The first I ever heard about amateur radio was on Reddit, back in early 2015. A post that featured how it was used for emergency communications reached the front page. It was an interesting article, and piqued my interest. I did some more research, and was interested by all ham radio had to offer.
I talked to my dad about wanting to get licensed, and he (an engineer) also expressed interest in becoming a ham. He also mentioned that one of the adult leaders in my boy scout troop is also a ham, Jim Kohnke (W6VAR). After talking with him, I started studying for my Technician and General licenses and the Radio merit badge.
That June, my father and I took our license exams, both passing Technician and General. I was licensed as KK6VBY, my father as KK6VBZ.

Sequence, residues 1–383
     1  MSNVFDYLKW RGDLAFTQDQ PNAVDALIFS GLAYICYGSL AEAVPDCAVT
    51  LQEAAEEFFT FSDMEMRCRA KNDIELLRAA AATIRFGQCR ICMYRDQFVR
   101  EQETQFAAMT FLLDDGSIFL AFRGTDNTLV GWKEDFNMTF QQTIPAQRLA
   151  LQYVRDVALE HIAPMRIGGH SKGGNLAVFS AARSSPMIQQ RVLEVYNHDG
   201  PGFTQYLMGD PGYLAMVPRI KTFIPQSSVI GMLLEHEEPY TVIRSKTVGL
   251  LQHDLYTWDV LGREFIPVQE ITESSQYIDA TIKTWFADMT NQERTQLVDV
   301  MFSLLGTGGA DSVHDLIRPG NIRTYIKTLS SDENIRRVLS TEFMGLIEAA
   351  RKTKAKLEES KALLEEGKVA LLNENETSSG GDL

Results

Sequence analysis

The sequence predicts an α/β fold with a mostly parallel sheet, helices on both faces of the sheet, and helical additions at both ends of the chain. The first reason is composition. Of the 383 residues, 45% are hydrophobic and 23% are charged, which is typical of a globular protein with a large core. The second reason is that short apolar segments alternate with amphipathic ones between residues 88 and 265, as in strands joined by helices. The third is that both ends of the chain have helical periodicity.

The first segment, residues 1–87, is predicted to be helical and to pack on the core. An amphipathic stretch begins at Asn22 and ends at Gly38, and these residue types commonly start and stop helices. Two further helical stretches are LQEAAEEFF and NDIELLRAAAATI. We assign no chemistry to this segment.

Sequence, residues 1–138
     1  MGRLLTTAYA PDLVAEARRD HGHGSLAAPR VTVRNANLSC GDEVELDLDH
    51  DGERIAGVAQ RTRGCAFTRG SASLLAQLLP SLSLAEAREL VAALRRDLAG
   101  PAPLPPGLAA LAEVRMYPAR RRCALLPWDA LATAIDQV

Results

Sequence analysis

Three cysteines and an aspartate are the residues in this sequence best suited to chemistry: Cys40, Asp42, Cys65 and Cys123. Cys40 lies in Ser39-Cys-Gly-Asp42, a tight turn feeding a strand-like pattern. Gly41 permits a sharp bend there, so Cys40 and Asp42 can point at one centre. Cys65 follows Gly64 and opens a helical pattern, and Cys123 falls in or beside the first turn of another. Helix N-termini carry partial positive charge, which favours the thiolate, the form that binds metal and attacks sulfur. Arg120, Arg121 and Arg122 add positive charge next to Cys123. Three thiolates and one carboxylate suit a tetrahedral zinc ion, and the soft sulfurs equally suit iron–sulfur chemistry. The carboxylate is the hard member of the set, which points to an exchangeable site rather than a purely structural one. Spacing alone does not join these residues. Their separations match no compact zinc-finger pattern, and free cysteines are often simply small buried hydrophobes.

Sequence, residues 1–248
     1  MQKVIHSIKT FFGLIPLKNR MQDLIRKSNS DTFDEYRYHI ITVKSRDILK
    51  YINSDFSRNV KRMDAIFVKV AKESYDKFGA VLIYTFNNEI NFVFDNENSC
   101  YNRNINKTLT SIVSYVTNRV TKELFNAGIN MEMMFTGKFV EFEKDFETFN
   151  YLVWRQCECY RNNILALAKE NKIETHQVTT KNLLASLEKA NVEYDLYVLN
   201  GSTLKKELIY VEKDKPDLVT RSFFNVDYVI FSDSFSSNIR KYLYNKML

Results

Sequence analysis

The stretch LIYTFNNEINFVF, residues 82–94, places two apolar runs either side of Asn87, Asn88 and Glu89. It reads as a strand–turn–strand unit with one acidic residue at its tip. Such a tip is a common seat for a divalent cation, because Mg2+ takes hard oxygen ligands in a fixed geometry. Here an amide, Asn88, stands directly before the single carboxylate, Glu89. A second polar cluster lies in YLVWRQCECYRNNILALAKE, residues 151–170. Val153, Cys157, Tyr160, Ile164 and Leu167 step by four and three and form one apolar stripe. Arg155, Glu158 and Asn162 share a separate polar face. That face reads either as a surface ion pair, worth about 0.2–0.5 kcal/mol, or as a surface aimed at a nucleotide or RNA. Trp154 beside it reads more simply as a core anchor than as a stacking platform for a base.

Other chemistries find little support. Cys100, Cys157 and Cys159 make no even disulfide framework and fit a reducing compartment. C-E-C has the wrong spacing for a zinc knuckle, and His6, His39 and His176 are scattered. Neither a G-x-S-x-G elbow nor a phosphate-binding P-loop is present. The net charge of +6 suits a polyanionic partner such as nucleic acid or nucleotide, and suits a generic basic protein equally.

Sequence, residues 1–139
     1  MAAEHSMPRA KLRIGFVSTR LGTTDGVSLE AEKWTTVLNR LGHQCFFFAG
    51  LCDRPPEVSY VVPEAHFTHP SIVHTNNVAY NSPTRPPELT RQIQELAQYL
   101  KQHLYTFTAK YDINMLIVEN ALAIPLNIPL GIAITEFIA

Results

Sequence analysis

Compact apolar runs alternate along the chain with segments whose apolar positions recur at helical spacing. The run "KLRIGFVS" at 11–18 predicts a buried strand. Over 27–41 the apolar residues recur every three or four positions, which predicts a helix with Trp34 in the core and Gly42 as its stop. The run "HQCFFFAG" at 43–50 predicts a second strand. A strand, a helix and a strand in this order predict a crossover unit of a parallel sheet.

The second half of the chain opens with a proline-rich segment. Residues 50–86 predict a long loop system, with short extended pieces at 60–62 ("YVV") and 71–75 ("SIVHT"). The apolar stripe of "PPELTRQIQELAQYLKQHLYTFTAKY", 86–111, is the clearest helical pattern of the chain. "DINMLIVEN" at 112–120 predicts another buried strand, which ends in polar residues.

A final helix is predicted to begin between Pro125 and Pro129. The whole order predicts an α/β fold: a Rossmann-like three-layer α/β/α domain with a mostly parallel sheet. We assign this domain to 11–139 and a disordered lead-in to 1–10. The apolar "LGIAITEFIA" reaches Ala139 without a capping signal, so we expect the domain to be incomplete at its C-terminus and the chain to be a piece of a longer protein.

That summer, with the help of W6VAR, I earned the Radio merit badge, learning more in-depth about the history of radio and proper operating practices. Over the next couple years, I operated on HF infrequently, participating in a few contests, including the California QSO Party.
In 2016, I began studying Electrical Engineering at Rensselaer Polytechnic Institute. There, I became more active in ham radio, joining their club, W2SZ. In November 2016, I upgraded my license to Amateur Extra. In 2017, I became the president of W2SZ for the 2017-18 school year. I have recently become involved in one of several efforts to involve more college-aged and younger people in ham radio.